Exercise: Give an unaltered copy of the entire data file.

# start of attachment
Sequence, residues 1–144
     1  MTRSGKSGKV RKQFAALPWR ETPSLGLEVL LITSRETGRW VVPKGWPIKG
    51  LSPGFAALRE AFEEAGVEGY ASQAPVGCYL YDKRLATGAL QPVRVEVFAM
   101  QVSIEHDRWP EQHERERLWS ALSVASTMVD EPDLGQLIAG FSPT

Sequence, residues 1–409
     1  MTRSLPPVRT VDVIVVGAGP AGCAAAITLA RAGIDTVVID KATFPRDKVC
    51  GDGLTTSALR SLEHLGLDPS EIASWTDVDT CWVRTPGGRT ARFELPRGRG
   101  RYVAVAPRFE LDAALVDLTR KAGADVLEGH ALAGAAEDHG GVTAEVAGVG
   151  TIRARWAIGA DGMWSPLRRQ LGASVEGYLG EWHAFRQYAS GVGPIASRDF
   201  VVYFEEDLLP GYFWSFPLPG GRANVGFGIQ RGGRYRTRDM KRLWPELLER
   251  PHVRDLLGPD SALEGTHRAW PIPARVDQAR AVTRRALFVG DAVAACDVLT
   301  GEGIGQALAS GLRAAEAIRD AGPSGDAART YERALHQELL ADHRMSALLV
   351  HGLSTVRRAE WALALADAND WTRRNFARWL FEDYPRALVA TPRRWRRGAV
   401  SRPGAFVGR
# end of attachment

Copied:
Sequence, residues 1–144
     1  MTRSGKSGKV RKQFAALPWR ETPSLGLEVL LITSRETGRW VVPKGWPIKG
    51  LSPGFAALRE AFEEAGVEGY ASQAPVGCYL YDKRLATGAL QPVRVEVFAM
   101  QVSIEHDRWP EQHERERLWS ALSVASTMVD EPDLGQLIAG FSPT

Sequence, residues 1–409
     1  MTRSLPPVRT VDVIVVGAGP AGCAAAITLA RAGIDTVVID KATFPRDKVC
    51  GDGLTTSALR SLEHLGLDPS EIASWTDVDT CWVRTPGGRT ARFELPRGRG
   101  RYVAVAPRFE LDAALVDLTR KAGADVLEGH ALAGAAEDHG GVTAEVAGVG
   151  TIRARWAIGA DGMWSPLRRQ LGASVEGYLG EWHAFRQYAS GVGPIASRDF
   201  VVYFEEDLLP GYFWSFPLPG GRANVGFGIQ RGGRYRTRDM KRLWPELLER
   251  PHVRDLLGPD SALEGTHRAW PIPARVDQAR AVTRRALFVG DAVAACDVLT
   301  GEGIGQALAS GLRAAEAIRD AGPSGDAART YERALHQELL ADHRMSALLV
   351  HGLSTVRRAE WALALADAND WTRRNFARWL FEDYPRALVA TPRRWRRGAV
   401  SRPGAFVGR